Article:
A 46-year-old male presents to the emergency department complaining of excruciating right leg pain. The pain began with a mild aching the day prior to admission along with some diffuse swelling of the leg, but has quickly progressed over the past few hours to severe diffuse 10/10 pain and worsening lower extremity swelling. The patient has no medical problems and has never had anything like this before. His physical exam is remarkable for a regular tachycardia to 124 beats per minute, and the findings depicted in the image provided.
What is the diagnosis?
Phlegmasia Cerulea Dolens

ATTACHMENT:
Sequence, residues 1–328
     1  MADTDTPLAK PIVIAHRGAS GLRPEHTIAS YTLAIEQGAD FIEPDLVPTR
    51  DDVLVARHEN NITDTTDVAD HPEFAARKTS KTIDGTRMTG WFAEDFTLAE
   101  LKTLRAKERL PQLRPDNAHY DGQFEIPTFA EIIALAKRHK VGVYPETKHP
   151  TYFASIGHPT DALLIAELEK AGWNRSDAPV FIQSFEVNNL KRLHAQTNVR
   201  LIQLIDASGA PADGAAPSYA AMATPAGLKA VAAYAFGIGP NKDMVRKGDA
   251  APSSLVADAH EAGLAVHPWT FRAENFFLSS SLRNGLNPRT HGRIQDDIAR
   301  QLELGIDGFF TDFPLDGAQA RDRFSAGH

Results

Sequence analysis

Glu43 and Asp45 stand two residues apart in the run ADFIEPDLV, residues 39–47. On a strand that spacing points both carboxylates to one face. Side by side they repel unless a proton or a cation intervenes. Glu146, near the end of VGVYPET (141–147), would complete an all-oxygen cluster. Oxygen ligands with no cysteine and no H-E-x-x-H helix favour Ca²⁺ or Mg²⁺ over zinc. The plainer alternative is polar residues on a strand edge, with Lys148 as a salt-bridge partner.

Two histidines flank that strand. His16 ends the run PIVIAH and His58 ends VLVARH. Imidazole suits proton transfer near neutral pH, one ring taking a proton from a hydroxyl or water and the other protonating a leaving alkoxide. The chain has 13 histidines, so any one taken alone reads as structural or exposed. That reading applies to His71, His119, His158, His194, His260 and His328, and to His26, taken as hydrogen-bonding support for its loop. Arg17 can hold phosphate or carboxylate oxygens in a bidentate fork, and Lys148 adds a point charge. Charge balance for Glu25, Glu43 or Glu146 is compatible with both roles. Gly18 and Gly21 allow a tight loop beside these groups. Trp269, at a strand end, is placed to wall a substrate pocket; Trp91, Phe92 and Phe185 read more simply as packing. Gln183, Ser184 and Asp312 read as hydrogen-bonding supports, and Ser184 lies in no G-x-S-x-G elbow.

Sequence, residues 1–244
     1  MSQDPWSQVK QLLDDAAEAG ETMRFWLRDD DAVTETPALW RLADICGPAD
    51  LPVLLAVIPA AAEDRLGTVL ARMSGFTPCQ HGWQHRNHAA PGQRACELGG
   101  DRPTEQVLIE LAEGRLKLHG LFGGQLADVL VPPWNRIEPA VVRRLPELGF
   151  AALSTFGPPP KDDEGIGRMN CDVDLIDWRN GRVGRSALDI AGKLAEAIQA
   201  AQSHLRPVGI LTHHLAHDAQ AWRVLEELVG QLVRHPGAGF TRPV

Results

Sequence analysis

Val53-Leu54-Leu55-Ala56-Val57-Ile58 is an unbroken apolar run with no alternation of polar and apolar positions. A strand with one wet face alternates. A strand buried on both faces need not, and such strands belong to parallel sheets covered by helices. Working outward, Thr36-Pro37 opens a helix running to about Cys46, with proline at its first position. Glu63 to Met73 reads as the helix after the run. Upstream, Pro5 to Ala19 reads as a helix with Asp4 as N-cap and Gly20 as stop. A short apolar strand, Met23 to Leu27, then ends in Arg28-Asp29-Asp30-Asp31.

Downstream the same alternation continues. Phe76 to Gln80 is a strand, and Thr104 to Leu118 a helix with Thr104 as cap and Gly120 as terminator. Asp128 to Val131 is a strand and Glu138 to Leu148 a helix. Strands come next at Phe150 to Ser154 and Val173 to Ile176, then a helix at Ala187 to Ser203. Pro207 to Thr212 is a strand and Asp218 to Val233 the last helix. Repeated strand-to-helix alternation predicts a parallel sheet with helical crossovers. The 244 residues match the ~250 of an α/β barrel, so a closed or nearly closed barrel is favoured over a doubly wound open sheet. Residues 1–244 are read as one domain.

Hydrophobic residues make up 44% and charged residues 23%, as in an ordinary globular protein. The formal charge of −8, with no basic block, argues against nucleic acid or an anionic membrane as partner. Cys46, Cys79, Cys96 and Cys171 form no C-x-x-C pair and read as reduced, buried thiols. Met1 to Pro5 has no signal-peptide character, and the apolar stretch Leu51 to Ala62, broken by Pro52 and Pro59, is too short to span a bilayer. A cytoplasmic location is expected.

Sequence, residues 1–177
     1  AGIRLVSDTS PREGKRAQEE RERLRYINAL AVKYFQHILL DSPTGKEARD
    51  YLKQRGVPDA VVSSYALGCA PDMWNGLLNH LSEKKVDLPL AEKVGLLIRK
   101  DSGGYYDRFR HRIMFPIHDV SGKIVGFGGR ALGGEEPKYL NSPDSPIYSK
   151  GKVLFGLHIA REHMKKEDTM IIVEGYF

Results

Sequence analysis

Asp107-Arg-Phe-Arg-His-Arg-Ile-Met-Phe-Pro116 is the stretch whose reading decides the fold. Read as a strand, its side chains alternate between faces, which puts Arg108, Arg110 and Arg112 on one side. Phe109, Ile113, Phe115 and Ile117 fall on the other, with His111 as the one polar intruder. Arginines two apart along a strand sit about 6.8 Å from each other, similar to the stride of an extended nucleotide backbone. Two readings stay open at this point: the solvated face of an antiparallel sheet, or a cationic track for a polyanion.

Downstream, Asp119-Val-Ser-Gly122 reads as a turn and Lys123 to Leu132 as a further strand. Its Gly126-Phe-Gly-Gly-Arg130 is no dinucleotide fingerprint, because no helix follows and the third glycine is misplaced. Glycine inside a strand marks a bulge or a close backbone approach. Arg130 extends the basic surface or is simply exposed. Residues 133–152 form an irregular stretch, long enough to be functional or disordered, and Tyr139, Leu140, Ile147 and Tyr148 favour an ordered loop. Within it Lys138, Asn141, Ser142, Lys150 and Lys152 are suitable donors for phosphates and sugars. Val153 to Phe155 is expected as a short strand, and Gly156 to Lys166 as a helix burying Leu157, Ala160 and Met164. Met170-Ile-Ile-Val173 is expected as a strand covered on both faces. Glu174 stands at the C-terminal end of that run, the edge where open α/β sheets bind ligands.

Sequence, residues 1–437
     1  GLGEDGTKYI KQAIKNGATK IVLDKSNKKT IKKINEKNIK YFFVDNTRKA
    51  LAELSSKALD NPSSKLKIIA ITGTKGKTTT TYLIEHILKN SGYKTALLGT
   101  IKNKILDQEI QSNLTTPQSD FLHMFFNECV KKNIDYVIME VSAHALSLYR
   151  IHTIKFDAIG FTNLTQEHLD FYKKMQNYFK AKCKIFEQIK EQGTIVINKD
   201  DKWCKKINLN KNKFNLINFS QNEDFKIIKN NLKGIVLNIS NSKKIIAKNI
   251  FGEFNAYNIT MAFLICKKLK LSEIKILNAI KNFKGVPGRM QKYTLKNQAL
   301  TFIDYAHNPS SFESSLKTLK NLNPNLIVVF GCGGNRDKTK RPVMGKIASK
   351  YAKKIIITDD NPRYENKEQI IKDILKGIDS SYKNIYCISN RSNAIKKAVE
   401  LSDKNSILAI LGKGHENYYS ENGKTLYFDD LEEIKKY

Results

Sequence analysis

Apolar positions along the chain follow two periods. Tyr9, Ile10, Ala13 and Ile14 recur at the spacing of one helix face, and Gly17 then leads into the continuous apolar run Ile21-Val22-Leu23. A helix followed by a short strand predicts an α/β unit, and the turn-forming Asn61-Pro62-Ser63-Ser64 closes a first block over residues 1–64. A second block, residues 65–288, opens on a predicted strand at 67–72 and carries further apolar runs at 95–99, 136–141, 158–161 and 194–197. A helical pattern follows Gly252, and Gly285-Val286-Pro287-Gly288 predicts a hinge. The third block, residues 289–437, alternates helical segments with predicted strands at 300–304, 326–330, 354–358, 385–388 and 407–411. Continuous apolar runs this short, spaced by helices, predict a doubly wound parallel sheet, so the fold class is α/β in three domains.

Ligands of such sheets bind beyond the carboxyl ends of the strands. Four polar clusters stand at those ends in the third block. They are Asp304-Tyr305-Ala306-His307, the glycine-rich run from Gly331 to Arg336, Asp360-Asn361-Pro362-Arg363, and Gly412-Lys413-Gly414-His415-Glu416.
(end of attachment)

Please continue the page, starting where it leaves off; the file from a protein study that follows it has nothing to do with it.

The clinical findings in this patient are consistent with phlegmasia cerulea dolens. Phlegmasia cerulea dolens (PCD) is a condition that results from a massive diffuse venous thrombosis that results in acute venous outflow obstruction. In this patient, duplex ultrasonography revealed extensive thrombus from the groin extending all the way to the distal lower extremity. Patients typically present with significant pain, swelling, and cyanosis of the affected extremity. Given the potential for limb ischemia, emergent vascular surgery consultation should be considered. Treatment may include anticoagulation, catheter directed thrombolysis, and/or surgical thrombectomy along with pain control. As with any thrombotic process, Virchow’s Triad (stasis, endothelial damage, and hypercoagulable states) helps to generate a differential diagnosis. Unfortunately in this patient, this was the initial presentation of severe metastatic cancer.